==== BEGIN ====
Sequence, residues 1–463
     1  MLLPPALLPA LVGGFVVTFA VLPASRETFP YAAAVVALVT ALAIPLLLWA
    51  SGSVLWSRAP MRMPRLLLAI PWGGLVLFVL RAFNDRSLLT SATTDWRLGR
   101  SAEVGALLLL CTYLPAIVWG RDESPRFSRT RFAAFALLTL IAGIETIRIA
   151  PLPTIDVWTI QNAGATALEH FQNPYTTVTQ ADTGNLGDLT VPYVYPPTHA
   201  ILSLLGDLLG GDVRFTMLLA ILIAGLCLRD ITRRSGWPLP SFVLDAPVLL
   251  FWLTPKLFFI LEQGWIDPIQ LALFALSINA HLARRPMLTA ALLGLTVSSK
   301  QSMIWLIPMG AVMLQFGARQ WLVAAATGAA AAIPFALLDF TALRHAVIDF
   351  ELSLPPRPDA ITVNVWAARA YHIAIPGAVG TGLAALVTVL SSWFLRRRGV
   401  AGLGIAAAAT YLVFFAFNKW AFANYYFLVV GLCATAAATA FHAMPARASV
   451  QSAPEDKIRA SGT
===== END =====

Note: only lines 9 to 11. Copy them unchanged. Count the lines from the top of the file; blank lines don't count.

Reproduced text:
   351  ELSLPPRPDA ITVNVWAARA YHIAIPGAVG TGLAALVTVL SSWFLRRRGV
   401  AGLGIAAAAT YLVFFAFNKW AFANYYFLVV GLCATAAATA FHAMPARASV
   451  QSAPEDKIRA SGT